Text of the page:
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    Advanced Velocity Modelling | Blended course

    Migration algorithms are used to create images of the subsurface based on recordings at the surface of seismic (elastic) waves. A migration algorithm needs as input recorded pre-stack data and a (background) subsurface velocity model. Two migration methods exist: time and depth migration. Time migration assumes local lateral homogeneity and as a result assumes diffractions of hyperbolic shape. Depth migration does not assume lateral homogeneity and uses non-hyperbolic shaped diffraction curves as migration operators. Comparing time and depth migration shows that depth migration is more accurate, but also more sensitive to the velocity model. Note that when we mention a velocity input model for migration, it is a so-called velocity background model. The migration algorithm “collects” recorded data based on that background model and provides additional detail based on first order “Born scattering” theory. The accuracy in terms of resolution and correct amplitudes depends on the background model, the migration algorithm, and the acquisition geometry, which define the degree of illumination of each subsurface point. At each subsurface point the resolution can be investigated using so-called Point-Spread-Functions.

    This course is a blended course. It is lead remotely by the instructor that has daily direct interactions with the trainees for several hours. Trainees are self-learning for the rest of the day by doing exercises and going through the course material.  

    The course consists of presentations, videos, and exercises. The presentations, also made available in pdf, are animated power point shows. The videos are either related to the exercises or general, some related to professional societies. In the exercises the methods discussed in the presentations are applied using computer programs. The solutions are discussed. Also, the course contains quizzes which are meant to reinforce the learning. Each quiz consists of multiple-choice questions.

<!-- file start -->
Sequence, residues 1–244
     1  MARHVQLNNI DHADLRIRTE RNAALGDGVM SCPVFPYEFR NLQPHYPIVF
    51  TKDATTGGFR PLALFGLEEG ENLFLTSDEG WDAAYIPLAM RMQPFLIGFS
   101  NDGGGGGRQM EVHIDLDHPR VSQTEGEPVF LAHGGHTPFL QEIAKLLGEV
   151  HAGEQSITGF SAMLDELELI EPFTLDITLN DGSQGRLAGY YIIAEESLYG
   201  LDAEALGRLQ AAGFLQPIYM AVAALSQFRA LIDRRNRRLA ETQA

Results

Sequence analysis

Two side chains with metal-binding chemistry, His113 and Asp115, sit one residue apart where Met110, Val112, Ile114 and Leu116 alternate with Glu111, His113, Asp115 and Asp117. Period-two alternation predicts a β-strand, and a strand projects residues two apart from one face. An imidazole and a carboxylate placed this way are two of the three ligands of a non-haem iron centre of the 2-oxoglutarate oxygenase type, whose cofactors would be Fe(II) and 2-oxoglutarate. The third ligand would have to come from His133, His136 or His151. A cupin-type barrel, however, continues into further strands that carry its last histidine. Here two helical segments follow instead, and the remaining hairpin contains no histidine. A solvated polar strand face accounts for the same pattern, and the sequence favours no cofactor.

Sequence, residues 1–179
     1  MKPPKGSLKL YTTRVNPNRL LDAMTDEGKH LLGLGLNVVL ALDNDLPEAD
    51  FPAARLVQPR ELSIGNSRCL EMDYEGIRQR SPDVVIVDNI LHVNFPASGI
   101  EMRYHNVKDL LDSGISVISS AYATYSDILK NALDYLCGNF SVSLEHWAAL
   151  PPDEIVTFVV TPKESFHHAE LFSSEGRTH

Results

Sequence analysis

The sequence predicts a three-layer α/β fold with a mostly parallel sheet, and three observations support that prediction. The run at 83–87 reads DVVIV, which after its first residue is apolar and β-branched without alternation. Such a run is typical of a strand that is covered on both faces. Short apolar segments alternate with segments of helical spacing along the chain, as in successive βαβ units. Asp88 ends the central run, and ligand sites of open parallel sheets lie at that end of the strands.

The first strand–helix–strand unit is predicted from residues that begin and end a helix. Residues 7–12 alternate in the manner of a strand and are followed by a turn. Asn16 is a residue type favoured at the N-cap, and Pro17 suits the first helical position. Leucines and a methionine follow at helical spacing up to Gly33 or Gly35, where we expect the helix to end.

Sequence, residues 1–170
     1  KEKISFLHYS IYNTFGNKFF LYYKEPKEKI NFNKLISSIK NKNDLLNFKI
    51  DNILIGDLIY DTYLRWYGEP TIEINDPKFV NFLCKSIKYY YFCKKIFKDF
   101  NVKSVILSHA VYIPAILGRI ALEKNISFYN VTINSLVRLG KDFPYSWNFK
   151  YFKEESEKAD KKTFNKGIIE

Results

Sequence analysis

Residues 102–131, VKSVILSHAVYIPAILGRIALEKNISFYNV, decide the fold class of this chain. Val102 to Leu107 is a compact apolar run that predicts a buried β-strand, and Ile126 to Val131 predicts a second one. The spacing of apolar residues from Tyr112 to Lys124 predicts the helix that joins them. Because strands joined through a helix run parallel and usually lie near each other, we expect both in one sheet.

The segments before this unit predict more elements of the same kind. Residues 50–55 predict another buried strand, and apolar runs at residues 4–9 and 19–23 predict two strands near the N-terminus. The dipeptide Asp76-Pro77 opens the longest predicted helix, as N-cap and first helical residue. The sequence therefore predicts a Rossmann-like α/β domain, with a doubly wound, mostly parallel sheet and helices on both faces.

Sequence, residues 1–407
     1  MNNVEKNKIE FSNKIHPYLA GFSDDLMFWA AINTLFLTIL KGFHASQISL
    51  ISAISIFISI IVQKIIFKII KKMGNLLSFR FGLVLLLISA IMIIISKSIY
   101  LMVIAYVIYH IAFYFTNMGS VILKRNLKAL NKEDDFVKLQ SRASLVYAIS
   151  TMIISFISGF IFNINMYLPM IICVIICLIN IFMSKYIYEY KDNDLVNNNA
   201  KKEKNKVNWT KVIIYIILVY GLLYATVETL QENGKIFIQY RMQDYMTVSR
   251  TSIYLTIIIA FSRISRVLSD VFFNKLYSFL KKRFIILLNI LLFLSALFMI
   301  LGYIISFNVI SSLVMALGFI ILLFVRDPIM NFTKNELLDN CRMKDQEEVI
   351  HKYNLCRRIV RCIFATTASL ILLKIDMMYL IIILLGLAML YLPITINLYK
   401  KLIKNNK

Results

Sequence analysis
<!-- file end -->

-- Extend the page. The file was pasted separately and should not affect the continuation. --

Part 1

    • Introduction / Biography
    • Geophysical Methods
    • Moodle
    • Velocities
    • NMO velocities
    • The reflection method (self-study)
    • Field record

    Part 2

    • DMO / DMO correction
    • Surface multiples
    • Internal multiples
    • Marchenko 
    •  Imaging  Velocities

    Part 3

    • Multiple Attenuation
    • Scale length
    • Effective media
    • Anisotropy

    Part 4

    • Joint inversion
    • FWI / FWI scales
    • EAGE E. Robein

    Part 5

    • TD conversion
    • PSF's
    • Fractures
    • Course evaluation

    Geophysicists involved in Acquisition & Processing

    A solid introduction to seismic acquisition and processing, followed by items directly related to deriving a velocity model needed as a background or “starting” model for imaging (migration) or for Full Waveform Inversion (FWI). These items are the different velocities used and their relationships, avoiding “multiple velocities”, the importance of scale length in relation to effective media velocities, anisotropy describing direction-dependence of velocities, phase, and group velocity and which one to use in studying AVA and the influence of fractures on anisotropic azimuthal velocity variation. 

    The course uses a Blended Learning approach based on a user-friendly Learning Management System, called Moodle. In Moodle different modules provide study material, videos, and exercises. The solutions to these exercises can be checked and if the correct solution cannot be found feedback will be given.


    A good understanding of the basics of seismic data acquisition and processing.

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